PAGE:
This week, we’ve been adding all of the technical elements into our rehearsals. Up until this week, we had been rehearsing in our own clothes, with no platforms and only minimal props and set pieces. This week, we’ve begun adding each in new pieces each day: first the set and the props, followed by the costumes, hair and lights. But my favorite day of the week, and of every tech week, was the first rehearsal we got to work with the band.
This rehearsal where the band and the actors work together for the first time is lovely referred to in musical theatre as the “wanderprobe.” You may be asking yourself, “What does wanderprobe mean?” Well, let me tell you.
To be frank, “wanderprobe” is a made up word. Its derived from the German word “sitzprobe,” which is defined by Wikipedia as “a term used in opera and musical theatre to describe a seated rehearsal where the singers sing with the orchestra, focusing attention on integrating the two groups. It is often the first rehearsal where the orchestra and singers rehearse together.” A wanderprobe is where actors, the orchestra, and blocking come together for the first time. Essentially, it’s a sitzprobe with movement.
Wanderprobe day is my favorite day to be an actor. Wanderprobe is like Christmas and your birthday rolled into one, because all of the gifts are sensory. Your ears become vessels for these soul-inspiring gifts of song, presented to you one by one as you work your way through the score together for the first time.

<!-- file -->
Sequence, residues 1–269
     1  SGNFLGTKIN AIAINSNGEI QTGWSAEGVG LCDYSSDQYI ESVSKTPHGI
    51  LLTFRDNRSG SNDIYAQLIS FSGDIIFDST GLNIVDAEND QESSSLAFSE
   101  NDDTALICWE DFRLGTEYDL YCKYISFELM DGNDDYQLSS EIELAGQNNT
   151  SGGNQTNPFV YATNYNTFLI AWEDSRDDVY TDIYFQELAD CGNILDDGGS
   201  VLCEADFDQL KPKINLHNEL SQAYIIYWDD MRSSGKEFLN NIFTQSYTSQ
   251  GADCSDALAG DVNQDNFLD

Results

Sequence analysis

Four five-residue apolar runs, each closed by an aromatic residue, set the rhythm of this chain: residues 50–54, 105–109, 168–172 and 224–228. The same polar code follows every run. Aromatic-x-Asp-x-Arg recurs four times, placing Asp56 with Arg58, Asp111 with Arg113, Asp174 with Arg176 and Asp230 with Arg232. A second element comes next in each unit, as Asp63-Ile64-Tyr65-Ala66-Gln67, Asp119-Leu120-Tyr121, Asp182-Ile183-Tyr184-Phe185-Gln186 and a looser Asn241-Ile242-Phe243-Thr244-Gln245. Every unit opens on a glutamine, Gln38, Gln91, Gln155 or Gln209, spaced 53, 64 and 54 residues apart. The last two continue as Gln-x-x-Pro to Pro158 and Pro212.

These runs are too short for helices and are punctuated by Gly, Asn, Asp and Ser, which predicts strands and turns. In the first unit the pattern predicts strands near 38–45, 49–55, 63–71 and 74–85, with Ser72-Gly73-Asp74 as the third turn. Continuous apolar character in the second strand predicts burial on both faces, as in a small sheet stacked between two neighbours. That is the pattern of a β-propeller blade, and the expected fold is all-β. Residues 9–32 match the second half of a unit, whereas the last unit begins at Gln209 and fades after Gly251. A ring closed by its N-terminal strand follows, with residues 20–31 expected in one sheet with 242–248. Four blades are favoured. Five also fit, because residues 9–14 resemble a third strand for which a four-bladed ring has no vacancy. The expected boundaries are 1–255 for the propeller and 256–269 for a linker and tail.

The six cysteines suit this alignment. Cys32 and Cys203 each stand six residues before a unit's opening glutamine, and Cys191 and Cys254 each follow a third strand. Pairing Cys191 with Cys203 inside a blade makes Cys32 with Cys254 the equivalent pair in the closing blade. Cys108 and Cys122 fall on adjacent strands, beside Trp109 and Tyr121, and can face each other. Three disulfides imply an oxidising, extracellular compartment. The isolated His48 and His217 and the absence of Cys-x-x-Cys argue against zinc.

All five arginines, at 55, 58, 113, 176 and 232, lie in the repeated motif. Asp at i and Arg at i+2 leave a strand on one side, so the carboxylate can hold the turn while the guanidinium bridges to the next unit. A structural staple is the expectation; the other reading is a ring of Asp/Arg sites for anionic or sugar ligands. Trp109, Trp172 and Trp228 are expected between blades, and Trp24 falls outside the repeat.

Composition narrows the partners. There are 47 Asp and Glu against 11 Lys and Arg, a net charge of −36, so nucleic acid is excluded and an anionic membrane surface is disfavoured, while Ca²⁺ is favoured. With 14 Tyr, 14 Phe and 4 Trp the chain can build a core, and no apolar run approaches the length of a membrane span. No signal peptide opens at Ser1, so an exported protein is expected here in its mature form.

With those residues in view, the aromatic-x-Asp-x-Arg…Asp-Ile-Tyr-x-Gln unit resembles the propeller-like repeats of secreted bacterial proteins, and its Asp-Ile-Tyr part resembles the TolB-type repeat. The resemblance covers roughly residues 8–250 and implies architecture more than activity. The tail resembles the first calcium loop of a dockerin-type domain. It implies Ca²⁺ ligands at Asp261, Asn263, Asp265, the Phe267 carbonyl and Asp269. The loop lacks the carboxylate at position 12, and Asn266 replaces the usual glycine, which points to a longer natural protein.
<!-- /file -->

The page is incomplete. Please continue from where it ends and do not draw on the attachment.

During the first few weeks of any production, the only instrument you have in the rehearsal room is a piano and maybe a drum set. You spend the rehearsals imagining what the music will sound like with the band. But somehow, at wanderprobe, the full orchestrations always sound better than you can even imagine it.
Rehearsing to the full orchestrations (written by Michael Starobin and composer Tom Kitt) reminds me of when I fell in love with this score. The thrilling electric guitar at the top of “I’m Alive,” or the violin at the beginning of “So Anyway” that pulls at your heartstrings seem as vivid onstage as they do listening to the music at home.
But there are other parts of the orchestrations that I’ve never noticed before, and they’ve made me more aware of the subtleties of the score. The gentle guitar strumming at the top of“Hey #1”seems to reflect Henry’s tentative proposal to Natalie, and the drums that come in during “I Am The One” reprise seem as though they are leading a marching band straight through the theater.
When you’ve been rehearsing a show for weeks, it helps to have some extra inspiration. Working with the band has been just that. The energy these orchestrations bring to our rehearsals inspire us to delve deeper into the material, and make me even more excited to begin sharing the show with audiences next week.
Mo Brady is originally from Seattle and made his Broadway debut in The Addams Family. He performed in the world premiere of Catch Me If You Can at the 5th Avenue Theatre in Seattle, as well as in six additional original productions at the theater. His performances inSeven Brides For Seven Brothers and Hello, Dolly! there won him a “Best of Seattle” Award from Seattle Weekly magazine. He has worked on many developmental productions and world premieres, including Villains Tonight! with Hunter Bell and Jeff Bowen for Walt Disney Entertainment, Robin Hood with Martin Charnin and Snapshots with Stephen Schwartz, both at Village Theatre in Seattle. This fall, Mo performed in workshops of two Broadway-bound musicals: The Rhythm Club, directed by Casey Nicolaw, and The Honeymooners, directed by Jerry Mitchell. He holds a Bachelor of Arts from Whitman College. Read more at www.mobrady.net.